The Middle River and or Tributaries flow through or borders my property.
What can I do?
Restore Riparian Buffers: Plant native trees and shrubs along your stream. These plants act as a wildlife corridor and also serve to soak up excess nutrients and sediment before they pollute the waterway. Their shade cools the water and increases dissolved oxygen levels, too. There are private and public funds available to assist and you can get more information on Riparian Buffers here.
If You Are a Farmer: Consider installing streamside fencing and alternative water to keep livestock out of the stream. Not only does this help the Middle River, but it also helps to improve herd health. There are private and public funds available to assist you in this. Headwaters Soil and Water Conservation District is a good place to start.
Use Best Management Practices: The Valley boasts rich farming land. By installing Best Management Practices (BMPs) on your farm to conserve and protect your soil and water, both your livestock and water quality will be the beneficiaries. Call Headwaters Soil and Water Conservation District to learn more and seek assistance.
Consider Conservation Landscaping: Think about what you plant and how you alter your property before digging begins. Use native vegetation that will hold soil in place and attract and support wildlife.
Shrubs, perennials, ground covers, and grasses all help restore natural areas. You'll also benefit honeybees, native bees, and insects when you plant native flowering plants and shrubs that provide both nectar and habitat. Especially, plant native trees and shrubs.
Rain Garden: If your property is suitable, build a rain garden. A rain garden is a natural or strategically placed manmade depression in the ground. It collects and stores water runoff that is slowly filtered and absorbed into the soil. Plants in a rain garden should be capable of thriving in alternating wet and dry conditions.
Consider using rain barrels to capture roof runoff; you can prevent the water from going into storm drains and, at the same time, reduce your irrigation needs when you use the water for plants.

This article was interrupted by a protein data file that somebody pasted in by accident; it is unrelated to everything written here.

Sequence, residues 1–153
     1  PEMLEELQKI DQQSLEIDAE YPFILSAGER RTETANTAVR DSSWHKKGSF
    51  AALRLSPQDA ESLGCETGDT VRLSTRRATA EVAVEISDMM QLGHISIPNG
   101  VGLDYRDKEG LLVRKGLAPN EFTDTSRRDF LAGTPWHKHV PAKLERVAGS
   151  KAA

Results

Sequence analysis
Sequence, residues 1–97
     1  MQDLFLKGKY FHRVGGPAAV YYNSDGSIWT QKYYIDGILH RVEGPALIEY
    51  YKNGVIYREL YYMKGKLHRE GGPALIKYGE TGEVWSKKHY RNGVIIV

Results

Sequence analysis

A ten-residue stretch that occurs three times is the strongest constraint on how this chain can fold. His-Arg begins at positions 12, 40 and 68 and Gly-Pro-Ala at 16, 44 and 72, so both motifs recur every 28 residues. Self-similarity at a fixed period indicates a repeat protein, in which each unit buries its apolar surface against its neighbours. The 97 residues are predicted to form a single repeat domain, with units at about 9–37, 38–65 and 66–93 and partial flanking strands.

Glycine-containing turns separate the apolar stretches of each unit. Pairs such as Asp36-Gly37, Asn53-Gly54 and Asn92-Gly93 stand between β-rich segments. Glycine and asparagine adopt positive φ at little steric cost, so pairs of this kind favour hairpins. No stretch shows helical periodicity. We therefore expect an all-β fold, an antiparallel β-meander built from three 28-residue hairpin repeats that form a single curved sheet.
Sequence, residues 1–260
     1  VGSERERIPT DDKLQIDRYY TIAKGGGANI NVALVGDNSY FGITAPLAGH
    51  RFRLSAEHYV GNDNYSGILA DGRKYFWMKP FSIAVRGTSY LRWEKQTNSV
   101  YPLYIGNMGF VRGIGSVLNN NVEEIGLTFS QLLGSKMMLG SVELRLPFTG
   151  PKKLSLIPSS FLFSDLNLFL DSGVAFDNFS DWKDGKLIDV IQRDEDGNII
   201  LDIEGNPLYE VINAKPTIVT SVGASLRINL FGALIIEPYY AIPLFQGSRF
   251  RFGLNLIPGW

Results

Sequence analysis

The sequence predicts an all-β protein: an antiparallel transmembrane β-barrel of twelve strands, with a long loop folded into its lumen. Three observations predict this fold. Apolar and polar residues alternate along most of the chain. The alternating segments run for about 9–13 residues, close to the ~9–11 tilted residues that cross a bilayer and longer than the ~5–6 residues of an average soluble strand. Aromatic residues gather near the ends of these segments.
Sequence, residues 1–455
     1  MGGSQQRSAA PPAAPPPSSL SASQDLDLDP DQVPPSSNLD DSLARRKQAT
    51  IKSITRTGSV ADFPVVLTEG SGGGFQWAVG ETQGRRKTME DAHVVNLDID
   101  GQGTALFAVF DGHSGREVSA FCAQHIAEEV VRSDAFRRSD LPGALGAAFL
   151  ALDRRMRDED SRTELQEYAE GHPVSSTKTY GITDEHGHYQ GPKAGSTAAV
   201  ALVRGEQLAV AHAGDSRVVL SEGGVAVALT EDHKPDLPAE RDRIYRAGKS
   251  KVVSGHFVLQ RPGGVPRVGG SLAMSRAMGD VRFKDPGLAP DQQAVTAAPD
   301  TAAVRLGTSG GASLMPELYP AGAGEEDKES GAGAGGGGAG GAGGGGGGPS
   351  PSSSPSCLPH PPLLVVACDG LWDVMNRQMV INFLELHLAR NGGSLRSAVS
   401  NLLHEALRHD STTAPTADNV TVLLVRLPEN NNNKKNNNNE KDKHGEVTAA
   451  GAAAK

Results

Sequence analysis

Check Soil Quality: Only apply the nutrients that are needed. If your soil has not been tested in the past three years, get a soil test done and use it to address your soil's needs for nutrition and pH (acidity) adjustments for the lawn — and landscape/garden. Avoid additional phosphorus applications if it's not needed; phosphorus-free fertilizers are now available. It takes only very small quantities of phosphorus in waterways to cause serious problems such as algae bloom. Phosphorus is essential for plant growth and development, including turf, but too much increases the possibility of problems. Many lawns fertilized with 10-10-10 for years have so much phosphorus in the soil, they could be mined for fertilizer.
Use nitrogen in moderation. Up to one pound nitrogen per 1,000 square feet over four to six weeks is all a cool-season lawn needs for spring. Apply nitrogen with a slow-release fertilizer (indicated on the bag) so you get efficient, long-lasting results. Make sure the fertilizer lands in the turf, not on the driveways or sidewalk where rain can wash it into storm drains that lead to waterways where pollution can occur.
Mow Properly: Start the mowing season off right with a sharp, properly balanced mower blade. Tall fescue can be mowed at two to three inches during spring's favorable weather conditions; by mid- to late spring, raise the mower to higher levels so the grass can adapt to the hotter, drier summer months. Large mowed areas are like deserts to honey bees, native bees and other pollinators. Consider reducing your lawn and planting more native natural flora.
Protect Groundwater: Never dump hazardous chemicals onto the ground where they can seep into our groundwater. Recycle and dispose of these materials properly. Take care of those sinkholes.
Pump your septic system: If your home has a septic system, remember to schedule a pump-out every three to five years. Leaky septic systems can pollute the surrounding groundwater and wells.
Natural Pest Deterrents: In your gardens use natural pest deterrents rather than harmful pesticides.
Discard toxic household items (batteries, paint, motor oil, etc.) responsibly. Augusta County hosts a Hazardous Waste Collection Day every fall.
Practice Water Conservation: Avoid wasting precious water by fixing leaky faucets and taking shorter showers. Leaving a faucet running while brushing your teeth can waste two gallons a minute! Take short showers. An eight-minute shower uses 40 gallons of water.
Get Outdoors: The Middle River watershed supports an array of recreational opportunities for fishing, photography, wildlife watching, relaxing, and river habitat exploring. Getting to know and understand the river ecosystem gives us knowledge and appreciation to support her.
Join FOMR: Be a Friend of Middle River and give your time or money or both.